The Long Goodbye: Merce Cunningham Has His Last Posthumous Turn at BAM

Silas Riener’s explosive, gasp-inducing solo was the high point of the season

biped 7634 pc berger The Long Goodbye: Merce Cunningham Has His Last Posthumous Turn at BAM

The Merce Cunningham Dance Company performing “Biped” (1999). (Stephanie Berger/BAM)

This past week marked a unique circumstance in the history of dance in America—the first time I can think of when a major figure took a last (posthumous) bow and shut up shop. The Merce Cunningham Dance Company gave four performances at BAM, featuring six of Cunningham’s major works, and apart from several Events—pieces being performed simultaneously on three stages (the audience wanders from one to another for 45 minutes) later in the month at the Park Avenue Armory—it has only a two-week season in Paris remaining before it permanently disbands.

Mind you, this all comes at the end of a two-year farewell world tour in accordance with Cunningham’s plan, but it’s still a defining goodbye. The school will continue, and the works will be available to other companies to be staged by ex-Cunningham dancers, but a season of his work presented by a formal Cunningham company, like the one we’ve just experienced, is a thing of the past.

Ballet choreographers have it easier. The language of ballet is universal and can be handily transplanted—works by Balanchine, Ashton, Robbins, MacMillan are on view everywhere. Earlier masters have slowly gone out of fashion, but there are still Fokine and Lifar and Nijinska spottings—the Paris Opéra Ballet, for instance, continues to pretend that Lifar matters—and of course the 19th-century classics endure. But each modern master creates his or her own language, so that when he or she is gone, the work is dangerously vulnerable. Certain modern masters like Doris Humphrey have essentially vanished. The Martha Graham company keeps coming back to greater or lesser effect, but the repertory exists and the performance tradition exists—sort of. The José Limon company is still valid, with some of his repertory intact. Paul Taylor works are performed everywhere, though rarely as wonderfully as his own company performs them; they’re not an endangered species, and—thank God—Mr. Taylor is still here to protect them and add to them, and to arrange a sensible future for them. But what will happen to the Cunningham rep? And does it matter?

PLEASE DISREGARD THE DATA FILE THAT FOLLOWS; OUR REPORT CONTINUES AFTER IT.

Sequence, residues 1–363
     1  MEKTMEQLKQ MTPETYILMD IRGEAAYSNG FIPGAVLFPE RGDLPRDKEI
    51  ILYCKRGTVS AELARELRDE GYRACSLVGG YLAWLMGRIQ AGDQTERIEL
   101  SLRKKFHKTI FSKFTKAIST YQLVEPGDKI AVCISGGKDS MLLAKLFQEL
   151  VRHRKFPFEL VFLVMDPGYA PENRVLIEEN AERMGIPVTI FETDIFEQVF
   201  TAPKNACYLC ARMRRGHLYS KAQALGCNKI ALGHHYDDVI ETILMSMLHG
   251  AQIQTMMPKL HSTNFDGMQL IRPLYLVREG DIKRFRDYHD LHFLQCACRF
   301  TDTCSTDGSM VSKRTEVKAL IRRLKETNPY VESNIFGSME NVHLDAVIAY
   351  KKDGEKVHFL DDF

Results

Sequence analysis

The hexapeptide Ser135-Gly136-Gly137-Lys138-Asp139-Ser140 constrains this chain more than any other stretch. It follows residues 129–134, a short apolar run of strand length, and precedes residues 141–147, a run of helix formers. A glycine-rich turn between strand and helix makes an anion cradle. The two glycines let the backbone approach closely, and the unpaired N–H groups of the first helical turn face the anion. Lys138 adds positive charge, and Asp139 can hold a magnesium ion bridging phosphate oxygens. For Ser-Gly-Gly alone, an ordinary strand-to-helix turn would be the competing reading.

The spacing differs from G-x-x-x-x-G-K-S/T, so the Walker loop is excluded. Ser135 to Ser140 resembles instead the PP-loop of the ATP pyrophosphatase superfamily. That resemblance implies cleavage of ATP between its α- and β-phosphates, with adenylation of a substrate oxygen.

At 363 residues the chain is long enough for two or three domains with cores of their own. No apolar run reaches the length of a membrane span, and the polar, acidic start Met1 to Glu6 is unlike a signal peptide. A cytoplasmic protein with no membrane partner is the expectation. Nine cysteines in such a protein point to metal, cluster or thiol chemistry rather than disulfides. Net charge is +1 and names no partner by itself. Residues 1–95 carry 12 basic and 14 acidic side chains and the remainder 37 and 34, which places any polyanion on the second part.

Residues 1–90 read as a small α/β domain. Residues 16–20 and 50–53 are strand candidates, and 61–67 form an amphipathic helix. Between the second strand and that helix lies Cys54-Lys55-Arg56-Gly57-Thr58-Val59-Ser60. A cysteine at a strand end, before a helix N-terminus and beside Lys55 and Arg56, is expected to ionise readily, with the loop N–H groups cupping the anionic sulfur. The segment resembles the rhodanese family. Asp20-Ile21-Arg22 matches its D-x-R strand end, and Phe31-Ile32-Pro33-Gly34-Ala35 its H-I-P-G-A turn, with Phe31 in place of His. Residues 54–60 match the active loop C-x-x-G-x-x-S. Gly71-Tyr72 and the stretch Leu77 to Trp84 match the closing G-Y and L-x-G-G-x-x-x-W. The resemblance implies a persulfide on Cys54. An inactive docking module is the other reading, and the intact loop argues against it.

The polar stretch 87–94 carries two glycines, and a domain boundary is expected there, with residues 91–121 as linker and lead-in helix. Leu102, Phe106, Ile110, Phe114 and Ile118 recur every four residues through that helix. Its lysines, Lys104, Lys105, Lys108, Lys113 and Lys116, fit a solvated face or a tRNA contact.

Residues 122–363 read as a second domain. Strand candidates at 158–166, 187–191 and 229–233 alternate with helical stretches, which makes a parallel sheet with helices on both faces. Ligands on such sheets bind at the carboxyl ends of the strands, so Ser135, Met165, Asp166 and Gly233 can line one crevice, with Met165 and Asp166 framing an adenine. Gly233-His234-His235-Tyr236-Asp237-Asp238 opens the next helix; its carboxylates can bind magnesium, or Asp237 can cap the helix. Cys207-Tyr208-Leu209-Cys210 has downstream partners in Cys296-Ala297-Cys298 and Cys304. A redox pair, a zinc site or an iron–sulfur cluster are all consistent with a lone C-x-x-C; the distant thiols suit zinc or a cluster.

There are many people for whom it matters more than anything else, who see him as the overwhelming dance genius of our time. (It’s the way I see Balanchine.) I’ve always been ambivalent about him. The absolute mastery is always evident—no one understands movement better than he does, and if he’s ever had a foolish or vulgar moment, I’ve missed it; there’s clearly meaning behind everything he’s ever done. And of course he was a great dancer—one of America’s greatest. For me, though, the disconnect between dance and music as well as between dance and narrative too often leaves me floundering, unsure of what I’m seeing when I see movement bare. I feel fortunate that in these final few days at BAM I was able to respond so positively to so much—for me, a last moment reprieve, even though for the company it was only a stay of execution.